Although many people believe that a suntan imparts a healthy glow, the truth is that tanning irreversibly damages the skin and can lead to skin cancer. Researchers from Massachusetts General Hospital have now shown that, in mice at least, inhibiting one of the phosphodiesterases, PDE-4D3, can activate the tanning process without exposure to harmful ultraviolet irradiation.
Using transgenic mice with melanocytes in their epidermis (which normal mice do not have), the group had already shown that inducing cyclic AMP production led to significant pigmentation. Further detailed analysis of the melanin expression pathway identified PDE-4D3 as the key regulator of cyclic AMP activity in melanocytes. Topical treatment of the transgenic mice with a PDE-4 inhibitor (rolipram or Ro 20-1724) for five days caused the skin to darken appreciably and the effect could be further enhanced by co-application of forskolin, which stimulates adenylate cyclase activity.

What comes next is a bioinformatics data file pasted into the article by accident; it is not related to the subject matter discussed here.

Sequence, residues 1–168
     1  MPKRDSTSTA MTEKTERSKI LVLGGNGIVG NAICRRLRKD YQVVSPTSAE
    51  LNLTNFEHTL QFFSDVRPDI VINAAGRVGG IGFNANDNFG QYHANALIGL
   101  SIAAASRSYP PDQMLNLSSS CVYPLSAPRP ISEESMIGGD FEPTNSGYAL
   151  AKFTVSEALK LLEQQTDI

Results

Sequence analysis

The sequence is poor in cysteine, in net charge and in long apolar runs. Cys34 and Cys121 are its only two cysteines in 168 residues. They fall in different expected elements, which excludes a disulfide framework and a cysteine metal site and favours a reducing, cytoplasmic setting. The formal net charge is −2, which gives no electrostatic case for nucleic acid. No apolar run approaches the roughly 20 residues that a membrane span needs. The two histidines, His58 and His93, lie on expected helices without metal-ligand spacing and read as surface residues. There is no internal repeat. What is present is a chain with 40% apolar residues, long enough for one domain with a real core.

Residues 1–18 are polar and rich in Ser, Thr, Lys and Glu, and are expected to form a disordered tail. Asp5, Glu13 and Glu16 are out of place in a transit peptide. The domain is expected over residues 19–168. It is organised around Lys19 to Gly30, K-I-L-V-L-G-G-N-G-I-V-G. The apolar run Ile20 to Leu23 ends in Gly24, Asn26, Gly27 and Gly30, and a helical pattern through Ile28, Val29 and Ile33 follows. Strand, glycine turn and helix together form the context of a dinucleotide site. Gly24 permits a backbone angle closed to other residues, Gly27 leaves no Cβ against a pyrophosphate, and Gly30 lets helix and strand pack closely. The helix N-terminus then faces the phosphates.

Although PDE4 isoforms play a key role in regulating intracellular cyclic AMP levels in a variety of tissues, the researchers believe that topical application of a selective PDE-4D3 inhibitor has potential to provide safe tanning and reduce the incidence of skin cancer.
The study is published in the journal Genes & Development.